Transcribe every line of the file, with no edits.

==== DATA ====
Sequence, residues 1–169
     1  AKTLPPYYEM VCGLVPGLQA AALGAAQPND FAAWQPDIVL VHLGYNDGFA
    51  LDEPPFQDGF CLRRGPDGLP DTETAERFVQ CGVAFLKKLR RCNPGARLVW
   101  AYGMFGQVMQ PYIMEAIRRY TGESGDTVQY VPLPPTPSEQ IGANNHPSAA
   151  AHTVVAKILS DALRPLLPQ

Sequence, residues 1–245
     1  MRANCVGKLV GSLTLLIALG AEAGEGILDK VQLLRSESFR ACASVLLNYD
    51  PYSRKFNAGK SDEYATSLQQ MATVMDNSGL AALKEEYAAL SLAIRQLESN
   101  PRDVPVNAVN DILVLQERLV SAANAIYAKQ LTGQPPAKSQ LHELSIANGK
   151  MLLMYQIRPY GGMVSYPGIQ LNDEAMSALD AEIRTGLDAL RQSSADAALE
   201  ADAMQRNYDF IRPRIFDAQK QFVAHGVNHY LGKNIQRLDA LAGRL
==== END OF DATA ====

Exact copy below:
Sequence, residues 1–169
     1  AKTLPPYYEM VCGLVPGLQA AALGAAQPND FAAWQPDIVL VHLGYNDGFA
    51  LDEPPFQDGF CLRRGPDGLP DTETAERFVQ CGVAFLKKLR RCNPGARLVW
   101  AYGMFGQVMQ PYIMEAIRRY TGESGDTVQY VPLPPTPSEQ IGANNHPSAA
   151  AHTVVAKILS DALRPLLPQ

Sequence, residues 1–245
     1  MRANCVGKLV GSLTLLIALG AEAGEGILDK VQLLRSESFR ACASVLLNYD
    51  PYSRKFNAGK SDEYATSLQQ MATVMDNSGL AALKEEYAAL SLAIRQLESN
   101  PRDVPVNAVN DILVLQERLV SAANAIYAKQ LTGQPPAKSQ LHELSIANGK
   151  MLLMYQIRPY GGMVSYPGIQ LNDEAMSALD AEIRTGLDAL RQSSADAALE
   201  ADAMQRNYDF IRPRIFDAQK QFVAHGVNHY LGKNIQRLDA LAGRL